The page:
Submarine in the West Loch
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The West Loch

I sent my thoughts about the West Loch to Terry Kerby and Steve Price at HURL. Steve responded immediately, saying that they too were thinking about the West Loch because of something they had found during earlier dives on the wreck site...damaged and discarded LVT wrecks intermingled on the ocean floor with the three disconnected sub wreck sections. When Steve drew a line through the plot of the three submarine sections on a chart, as many as 8 LVT wrecks (provisionally identified as LVT-2s) lay within 50m of the line. There were even an unknown number of other LVTs in the area outside that 50m range that flowed along the same direction. In Steve's opinion, "it almost looks as if the ship or barge was drifting on a course of 250 shoving these items off as they went." Farther away from the sub wreck, but still in the NDSA, were two LCTs that could also have come from the West Loch disaster.

LVT wrecks imaged during the March 2009 dive. Upside-down LVT (left), right-side up (centre), close-up of damage to glacis plate of upturned LVT (right).

HURL's Arcview plot of debris in the NDSA. The red dots indicate the position of the 3-piece midget sub. The olive-green dots represent vehicles, mostly LVT-2s. Steve Price noticed a general flow in the debris trail and suggested the possibility that the debris was dumped from a barge headed on a constant bearing.

The West Loch disaster is not as well known as the 7 Dec 41 attack, due mainly to the Top Secret classification imposed on both the accident and clean-up efforts. In May of 1944, the Americans were preparing a major invasion of the Marianas island group, which included Saipan, Guam and Tinian, under the code name, "Operation Forager." Preparations were being conducted in Pearl Harbor, far away from the prying eyes of the Japanese. The West Loch at that time was a beehive of activity, as a fleet of LSTs were nested close together to take on vehicles, fuel and ammunition needed to support the amphibious invasion. On 21 May, an accident caused the fuel and ammunition stores aboard the LST-353 to ignite, creating an inferno that spread from ship to nested ship. Before the day was done, six LSTs were lost, along with the lives of close to 200 men. Reaction from the Navy was swift...Rear Admiral John F. Shafroth, Jr., was immediately appointed to preside over an enquiry into the accident and take charge of the clean-up activities. The enquiry convened the very next day and Shafroth imposed a Top Secret classification over the proceedings so that information about the invasion preparations would not be revealed to the Japanese. A press blackout was imposed, all photographs and motion-picture footage taken of the disaster were confiscated (even that taken by Naval Intelligence) and a cover story developed to satisfy a public that could not fail to have some curiosity over the massive explosions that were seen and felt from Barber's Point to Waikiki. In the meantime, the Navy scrambled to replace the lost men and material to keep Operation Forager on schedule.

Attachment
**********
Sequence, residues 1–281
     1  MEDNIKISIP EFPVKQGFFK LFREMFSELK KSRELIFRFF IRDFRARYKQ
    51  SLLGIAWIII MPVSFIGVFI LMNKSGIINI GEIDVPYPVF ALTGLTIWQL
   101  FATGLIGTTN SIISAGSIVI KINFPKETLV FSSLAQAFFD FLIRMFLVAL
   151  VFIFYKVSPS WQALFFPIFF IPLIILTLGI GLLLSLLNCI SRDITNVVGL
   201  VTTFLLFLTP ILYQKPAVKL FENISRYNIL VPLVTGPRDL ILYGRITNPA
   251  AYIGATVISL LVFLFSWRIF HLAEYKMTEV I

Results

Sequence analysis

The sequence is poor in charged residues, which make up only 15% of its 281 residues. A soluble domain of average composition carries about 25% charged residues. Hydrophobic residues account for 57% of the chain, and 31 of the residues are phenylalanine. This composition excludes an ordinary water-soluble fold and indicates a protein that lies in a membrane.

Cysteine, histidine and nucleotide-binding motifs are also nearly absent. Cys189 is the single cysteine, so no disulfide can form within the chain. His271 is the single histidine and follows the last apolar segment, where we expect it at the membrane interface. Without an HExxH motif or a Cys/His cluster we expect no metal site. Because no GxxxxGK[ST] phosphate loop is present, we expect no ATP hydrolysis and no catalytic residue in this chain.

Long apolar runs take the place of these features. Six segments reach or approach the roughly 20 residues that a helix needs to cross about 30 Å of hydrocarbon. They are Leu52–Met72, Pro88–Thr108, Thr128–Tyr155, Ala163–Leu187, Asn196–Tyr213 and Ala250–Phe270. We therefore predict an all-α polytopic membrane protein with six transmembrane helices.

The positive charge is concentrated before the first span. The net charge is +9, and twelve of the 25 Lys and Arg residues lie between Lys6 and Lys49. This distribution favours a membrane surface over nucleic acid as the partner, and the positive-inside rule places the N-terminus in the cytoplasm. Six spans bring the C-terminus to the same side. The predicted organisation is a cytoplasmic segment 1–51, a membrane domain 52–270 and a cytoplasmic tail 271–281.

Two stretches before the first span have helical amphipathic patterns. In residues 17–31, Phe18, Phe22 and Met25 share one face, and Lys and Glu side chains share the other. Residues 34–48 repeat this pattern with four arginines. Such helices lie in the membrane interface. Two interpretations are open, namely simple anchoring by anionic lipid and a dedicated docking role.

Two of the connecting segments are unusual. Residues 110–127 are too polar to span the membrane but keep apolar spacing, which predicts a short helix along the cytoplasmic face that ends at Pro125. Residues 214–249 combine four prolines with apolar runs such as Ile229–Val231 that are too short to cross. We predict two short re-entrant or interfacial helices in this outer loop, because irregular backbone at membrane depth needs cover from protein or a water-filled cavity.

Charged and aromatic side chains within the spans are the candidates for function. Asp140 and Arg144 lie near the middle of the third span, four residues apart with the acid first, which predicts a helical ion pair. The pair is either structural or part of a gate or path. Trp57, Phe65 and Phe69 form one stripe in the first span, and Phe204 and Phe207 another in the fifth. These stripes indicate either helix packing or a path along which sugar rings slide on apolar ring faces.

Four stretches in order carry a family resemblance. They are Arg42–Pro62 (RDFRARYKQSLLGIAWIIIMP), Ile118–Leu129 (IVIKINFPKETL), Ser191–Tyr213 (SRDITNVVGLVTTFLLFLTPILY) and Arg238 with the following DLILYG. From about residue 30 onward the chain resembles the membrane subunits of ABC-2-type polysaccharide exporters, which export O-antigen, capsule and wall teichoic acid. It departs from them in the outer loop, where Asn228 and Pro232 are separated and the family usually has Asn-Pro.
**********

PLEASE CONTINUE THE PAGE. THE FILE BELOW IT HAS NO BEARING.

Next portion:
Their efforts paid off. There is no indication that either the West Loch disaster or the aftermath gave the Japanese any actionable intelligence about the impending invasion. Once imposed, though, the Top Secret classification and public misdirection have had the unintended consequence of keeping the public from becoming more familiar with the West Loch disaster, even long after the war had been won. The Court of Inquiry (COI) transcripts were not declassified until 1960 and the confiscated motion-picture footage has only in recent years come to light. As far as I could determine, only one book has ever been published on the subject... a self-published paperback, written by a veteran of the disaster, with only a limited run of copies. Veterans of the disaster do not often congregate like the veterans of the 7 Dec 41 attack; oftentimes, they depend solely on personal contacts to stay in touch. If we wanted to dig deeper into the disaster, we were going to have to make due with a limited amount of reference material.

Steve Price suggested that I check the deck logs of the dive and salvage ships that would have led the salvage effort in the Loch. Those could not be immediately found, as the records from the auxiliaries were not as sought after – and therefore allowed to become more "buried" in the archives – as some of the more prestigious warships. We eventually located the deck logs of the USS Valve (ARS-28) and Vent (ARS-29), among others, in the NARA II archives at College Park, MD. Other supporting ships, along with Vent, proved to have nothing of interest in their diaries/logs. The USS Valve, however, served as the primary salvor of the LST-353 wreck, and it was in her deck log that we found some interesting entries.

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